# Presenting logistic model fit graphically

I have run 3 separate logistic regressions and would somehow like to summarize how well the model fits the data graphically.

Any suggestions?

-
Not a complete answer, but this blog post over on the Statistics Forum by Michael Lavine may be a good start for some ideas. It is mainly aimed at identifying outliers, so not a complete picture of model fit I suppose. –  Andy W Aug 25 '11 at 14:49
What do you mean by "fits"? And what do you mean by "data"? As the logistic model estimates probabilities and the observed Y=0 or 1, these are not easy questions. –  Frank Harrell Aug 25 '11 at 15:00
@Frank Harrel I'm trying to see how well a model predicts the observed values which are both binary. I was just trying to ask how I could graphically present the different AIC's or other measures obtained –  Dbr Aug 25 '11 at 15:15
"Well" is hard to define here. I'd suggest fitting a model that has the right number of parameters for the effective sample size (allowing multiple terms for apriori strong variables not known to act linearly), putting in subject-matter-driven interaction terms, then plotting predicted values from that model. Partial effect plots are very helpful. The R rms package makes this easy. See biostat.mc.vanderbilt.edu/wiki/pub/Main/RmS/rms.pdf –  Frank Harrell Aug 25 '11 at 15:36
Why not a simple bar graph that shows the proportion which it succeeds at predicting or fails at predicting, and the proportion of times it gives a false positive / false negative? I think that's something even a layman would understand equally well. –  Brandon Bertelsen Sep 5 '11 at 22:32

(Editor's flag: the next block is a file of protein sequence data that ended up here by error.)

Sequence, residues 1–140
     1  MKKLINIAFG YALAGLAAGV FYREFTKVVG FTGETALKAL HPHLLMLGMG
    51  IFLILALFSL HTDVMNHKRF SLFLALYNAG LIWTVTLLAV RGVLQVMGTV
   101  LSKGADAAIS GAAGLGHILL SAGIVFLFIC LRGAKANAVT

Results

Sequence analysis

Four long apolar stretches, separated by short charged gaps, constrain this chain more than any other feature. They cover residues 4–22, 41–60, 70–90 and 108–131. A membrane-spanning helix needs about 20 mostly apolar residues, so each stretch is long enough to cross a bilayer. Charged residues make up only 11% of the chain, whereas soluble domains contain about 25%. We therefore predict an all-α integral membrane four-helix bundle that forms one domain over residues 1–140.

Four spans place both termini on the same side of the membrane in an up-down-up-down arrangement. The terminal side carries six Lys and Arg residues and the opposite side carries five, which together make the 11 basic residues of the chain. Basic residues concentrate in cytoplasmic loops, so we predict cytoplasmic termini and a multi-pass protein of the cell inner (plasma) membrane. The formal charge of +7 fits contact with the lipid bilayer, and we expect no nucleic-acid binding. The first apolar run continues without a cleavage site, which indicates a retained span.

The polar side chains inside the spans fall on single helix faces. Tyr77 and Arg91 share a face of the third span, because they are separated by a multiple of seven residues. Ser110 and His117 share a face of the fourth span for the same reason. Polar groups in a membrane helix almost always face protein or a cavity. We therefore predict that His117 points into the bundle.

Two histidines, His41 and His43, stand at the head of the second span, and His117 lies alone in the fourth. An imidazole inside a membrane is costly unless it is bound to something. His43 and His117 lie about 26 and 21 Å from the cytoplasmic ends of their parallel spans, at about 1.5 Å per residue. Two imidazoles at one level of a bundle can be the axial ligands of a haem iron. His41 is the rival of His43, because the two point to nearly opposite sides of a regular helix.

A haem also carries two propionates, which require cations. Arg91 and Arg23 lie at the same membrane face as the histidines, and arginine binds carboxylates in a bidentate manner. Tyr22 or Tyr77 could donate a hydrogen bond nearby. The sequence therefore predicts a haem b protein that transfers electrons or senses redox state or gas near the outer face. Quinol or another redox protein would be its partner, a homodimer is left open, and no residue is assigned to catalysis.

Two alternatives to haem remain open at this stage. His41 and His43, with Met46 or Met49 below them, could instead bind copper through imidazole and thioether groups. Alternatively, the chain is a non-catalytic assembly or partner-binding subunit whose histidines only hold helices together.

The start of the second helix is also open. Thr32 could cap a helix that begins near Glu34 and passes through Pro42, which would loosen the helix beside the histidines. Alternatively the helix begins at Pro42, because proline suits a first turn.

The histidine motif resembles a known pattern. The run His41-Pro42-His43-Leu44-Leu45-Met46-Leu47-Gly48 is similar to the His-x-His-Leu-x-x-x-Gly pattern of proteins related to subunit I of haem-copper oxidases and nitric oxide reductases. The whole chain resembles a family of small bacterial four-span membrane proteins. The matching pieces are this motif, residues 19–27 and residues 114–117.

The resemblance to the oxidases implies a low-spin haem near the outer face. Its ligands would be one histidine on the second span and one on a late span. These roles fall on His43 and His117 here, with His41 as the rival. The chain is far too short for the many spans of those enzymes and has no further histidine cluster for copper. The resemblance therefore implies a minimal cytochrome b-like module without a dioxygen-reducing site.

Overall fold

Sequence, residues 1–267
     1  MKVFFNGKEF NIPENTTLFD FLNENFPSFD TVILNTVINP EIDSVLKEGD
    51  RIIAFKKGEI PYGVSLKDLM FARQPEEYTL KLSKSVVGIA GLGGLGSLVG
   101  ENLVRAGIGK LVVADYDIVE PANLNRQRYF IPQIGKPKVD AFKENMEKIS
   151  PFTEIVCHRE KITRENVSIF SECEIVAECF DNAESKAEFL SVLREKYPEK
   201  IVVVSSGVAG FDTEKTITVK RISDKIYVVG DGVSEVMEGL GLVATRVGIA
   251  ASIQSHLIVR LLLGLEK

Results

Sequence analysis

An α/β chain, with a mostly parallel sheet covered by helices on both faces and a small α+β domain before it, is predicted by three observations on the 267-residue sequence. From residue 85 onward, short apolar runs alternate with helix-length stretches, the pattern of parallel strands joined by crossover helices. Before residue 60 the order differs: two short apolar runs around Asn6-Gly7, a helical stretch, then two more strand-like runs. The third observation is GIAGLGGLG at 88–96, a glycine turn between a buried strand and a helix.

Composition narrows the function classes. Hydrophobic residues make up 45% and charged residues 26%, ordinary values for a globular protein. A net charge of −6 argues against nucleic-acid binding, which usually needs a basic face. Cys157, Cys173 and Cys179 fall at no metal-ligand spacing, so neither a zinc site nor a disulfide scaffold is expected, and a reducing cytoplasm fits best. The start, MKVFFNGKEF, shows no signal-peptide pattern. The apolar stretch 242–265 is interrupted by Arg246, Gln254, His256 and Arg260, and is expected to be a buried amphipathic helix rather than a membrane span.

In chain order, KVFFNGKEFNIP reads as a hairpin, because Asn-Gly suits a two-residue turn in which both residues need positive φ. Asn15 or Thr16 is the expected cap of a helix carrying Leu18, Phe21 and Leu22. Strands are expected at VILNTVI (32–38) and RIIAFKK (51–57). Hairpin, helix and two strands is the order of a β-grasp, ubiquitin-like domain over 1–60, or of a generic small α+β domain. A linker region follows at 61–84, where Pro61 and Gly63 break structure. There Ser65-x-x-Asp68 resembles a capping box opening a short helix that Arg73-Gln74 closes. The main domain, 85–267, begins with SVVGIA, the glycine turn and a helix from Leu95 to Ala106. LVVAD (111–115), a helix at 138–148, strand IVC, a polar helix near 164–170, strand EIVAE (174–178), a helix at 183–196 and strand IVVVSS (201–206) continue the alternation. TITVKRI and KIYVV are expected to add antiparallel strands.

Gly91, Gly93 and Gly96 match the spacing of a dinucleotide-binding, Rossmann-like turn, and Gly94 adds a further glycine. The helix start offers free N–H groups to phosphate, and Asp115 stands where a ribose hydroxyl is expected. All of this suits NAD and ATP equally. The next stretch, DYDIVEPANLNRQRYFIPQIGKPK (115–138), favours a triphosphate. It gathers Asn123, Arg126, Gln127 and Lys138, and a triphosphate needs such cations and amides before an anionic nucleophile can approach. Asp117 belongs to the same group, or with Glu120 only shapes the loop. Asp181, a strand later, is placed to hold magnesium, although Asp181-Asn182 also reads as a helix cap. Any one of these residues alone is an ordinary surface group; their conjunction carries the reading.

First I want to reiterate what others have said in the comments: this is in general a difficult problem with no easy solution.

With that in mind, one way of assessing model fit with logistic regression models when your primary interest is simply predictive power is to plot ROCs. Here's an example (with caveats) using the pROC package in R:

library(pROC)

#Fit three logistic models
m1 <- glm(case ~ age,data=infert,family=binomial())
m2 <- glm(case ~ age + parity + education + induced,
data=infert,family=binomial())
m3 <- glm(case ~ age+parity+education+spontaneous+induced,
data=infert,family=binomial())

#Plot the three ROCs, adding the AUC for each
plot.roc(infert$case,fitted(m1),print.auc = TRUE) plot.roc(infert$case,fitted(m2),add=TRUE,col = "blue",
print.auc=TRUE,print.auc.y = 0.45)
print.auc = TRUE,print.auc.y = 0.4)


The basic idea is that more area under the curve indicates a "better" model, from the perspective of prediction only.

Note that my example is meant only to illustrate how to make such a graph, as I've plotted these curves using the in-sample fitted values, rather than those obtained using cross validation, bootstrapping or a hold-out test set, which in general is preferable.

I'll end by repeating my warning that this is far from the way to assess model fit. It is just a way that is limited to assessing predictive accuracy.

-
what do you mean by the more are under the curve? how is the curve defined? –  Dbr Aug 25 '11 at 17:29
@Daniel - See here for a basic discussion of ROC curves. In my example, the red curve has more area under it, so it that would indicate a "better" fit. –  joran Aug 25 '11 at 17:33
so basically the highr the value of AUC the better the model? –  Dbr Aug 25 '11 at 17:34
@Daniel - Yes, but please mind all my caveats if you actually use this! There are no shortcuts to assessing model fit! –  joran Aug 25 '11 at 17:38
ROC curves have little to do with model fit. –  Frank Harrell Aug 25 '11 at 18:36